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Earnings season begins today--here's how to look for bargains (and when to decide to head for the hills)
04/10/2012 8:30 am EST
Logically this means stocks are headed for a correction as companies report their first quarter results beginning with Alcoa (AA).
“Logically,” that is, for most realms outside the stock market. In the logic of the stock market, however, the result is by no means so certain. What everyone knows is frequently discounted in share prices. But sometimes what everyone knows in his or her head isn’t really believed by investors. Intellectually, investors may know that projections for first quarter earnings growth are extremely low, but in their heart—and in their investment actions--they may remain much more optimistic. And, anyway, the earnings results of last quarter are history. For stock prices going forward, the important numbers are companies’ projections—guidance--for the second quarter and the rest of 2012. It’s expectations for future growth that make investors buy or sell.
So what will it be—Up? or Down?—for the market this earnings season?
And what strategy do I recommend? I wouldn’t recommend any big directional bet on the markets as a whole—I think that the uncertainties are just too high. But I would like to be sitting on some cash so that I can jump on any sell off because of a short-term disappointment in a stock that I’d like to own for the long-term. (Jubak’s Picks finished December with almost 40% in cash and despite some recent buys I’ve still got a hefty cash position; so do you if you did some selling into the rally. Otherwise, you might need to do some selective selling now to be ready for any opportunity.) The second half of 2012 looks better in global macroeconomic terms than the first half of the year and I’d love to pick up some fundamentally strong long-term buys at temporarily depressed prices.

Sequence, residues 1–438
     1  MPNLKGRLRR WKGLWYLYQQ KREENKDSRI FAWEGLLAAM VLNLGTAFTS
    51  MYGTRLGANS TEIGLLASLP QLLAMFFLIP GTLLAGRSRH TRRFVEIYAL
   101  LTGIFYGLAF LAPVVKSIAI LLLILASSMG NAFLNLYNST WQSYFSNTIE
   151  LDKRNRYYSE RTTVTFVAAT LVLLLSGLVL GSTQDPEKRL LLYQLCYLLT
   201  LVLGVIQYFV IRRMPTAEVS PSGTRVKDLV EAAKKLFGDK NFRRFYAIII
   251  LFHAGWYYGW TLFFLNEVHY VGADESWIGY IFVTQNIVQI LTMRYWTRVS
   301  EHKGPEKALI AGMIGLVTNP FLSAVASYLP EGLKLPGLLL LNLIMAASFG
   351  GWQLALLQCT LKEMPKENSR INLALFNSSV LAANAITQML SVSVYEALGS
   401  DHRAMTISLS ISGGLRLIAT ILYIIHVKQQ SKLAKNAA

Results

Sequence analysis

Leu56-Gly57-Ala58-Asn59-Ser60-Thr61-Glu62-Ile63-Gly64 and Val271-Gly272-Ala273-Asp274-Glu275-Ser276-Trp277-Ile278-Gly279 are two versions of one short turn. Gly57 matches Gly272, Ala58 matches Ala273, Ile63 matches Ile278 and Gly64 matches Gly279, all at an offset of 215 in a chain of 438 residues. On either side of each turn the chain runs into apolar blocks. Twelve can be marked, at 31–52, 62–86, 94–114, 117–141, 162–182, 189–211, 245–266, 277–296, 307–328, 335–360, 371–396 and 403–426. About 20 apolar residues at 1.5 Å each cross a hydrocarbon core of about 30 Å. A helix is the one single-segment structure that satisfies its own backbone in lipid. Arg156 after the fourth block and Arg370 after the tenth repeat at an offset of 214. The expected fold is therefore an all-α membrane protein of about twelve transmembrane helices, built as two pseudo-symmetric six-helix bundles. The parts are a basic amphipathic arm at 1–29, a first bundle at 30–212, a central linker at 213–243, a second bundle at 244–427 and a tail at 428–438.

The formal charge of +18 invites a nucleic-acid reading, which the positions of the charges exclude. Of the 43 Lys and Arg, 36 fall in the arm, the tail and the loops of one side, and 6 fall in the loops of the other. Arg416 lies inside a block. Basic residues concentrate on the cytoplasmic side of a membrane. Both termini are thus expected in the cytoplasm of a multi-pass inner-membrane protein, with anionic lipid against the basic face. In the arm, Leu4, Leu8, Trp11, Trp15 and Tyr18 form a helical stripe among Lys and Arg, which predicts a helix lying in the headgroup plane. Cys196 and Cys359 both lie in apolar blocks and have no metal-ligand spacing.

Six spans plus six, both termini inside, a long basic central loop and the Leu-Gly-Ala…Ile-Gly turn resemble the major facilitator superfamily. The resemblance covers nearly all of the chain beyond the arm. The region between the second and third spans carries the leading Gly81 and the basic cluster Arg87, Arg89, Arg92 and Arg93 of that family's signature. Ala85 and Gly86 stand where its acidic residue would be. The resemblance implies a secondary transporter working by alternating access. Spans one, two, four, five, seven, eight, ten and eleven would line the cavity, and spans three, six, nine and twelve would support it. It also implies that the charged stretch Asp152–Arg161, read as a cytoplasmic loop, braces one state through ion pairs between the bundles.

So let me explain how I calculate the risks and uncertainties of this first quarter earnings season.
The current projection of just 0.93% year-to-year earnings growth doesn’t capture how rapidly pessimism about earnings set in this quarter. In September Wall Street was looking for 10% growth in the first quarter of 2012. By January projections were down to 4.5%, according to S&P Capital IQ. And now we’re at 0.93% with earnings season set to start today.
For the first quarter of 2012 earnings per index share are projected at $23.85. In the first quarter of 2011 earnings per index share came in at $23.63.
Of course, the S&P 500 Index finished the first quarter of 2012 at 1408.47, up from 1325.83 on March 31, 2011. The index is, thus, 6.23%, higher than it was a year ago when growth in the quarter just completed is projected as 18.75 percentage points lower than in the first quarter of 2011.
Add in the sentiment and macroeconomic background and it looks like we’re headed for an almost certain sell off. This rally was up 28.1% from the October 3 low through March 31. Many investors are sitting on big profits—exactly the situation that leads to profit taking as sellers decide to protect their gains. After the disappointing jobs number for March—just 120,000 when the market was looking for 205,000 new jobs—on Friday, April 6, voices calling the market overbought and in need of a correction have gain in numbers and volume. Sinking Spanish and Italian bond prices—and rising yields on Spanish and Italian bonds—have raised fears that the EuroZone is facing another round of its apparently never ending debt crisis. Higher than expected inflation from China in March—a 3.6% annual rate instead of the 3.4% expected by economists—announced by China over the weekend, which has increased worries about growth in that economy, certainly haven’t helped.
I think the odds are that meager first quarter earnings growth against a background of macroeconomic worries and sentiment looking for a correction will produce a drop in the market indexes.
But I don’t think that’s by any means as certain as a backward looking analysis of the market and the economy would suggest. Guidance for the second quarter and the rest of 2012 will be key.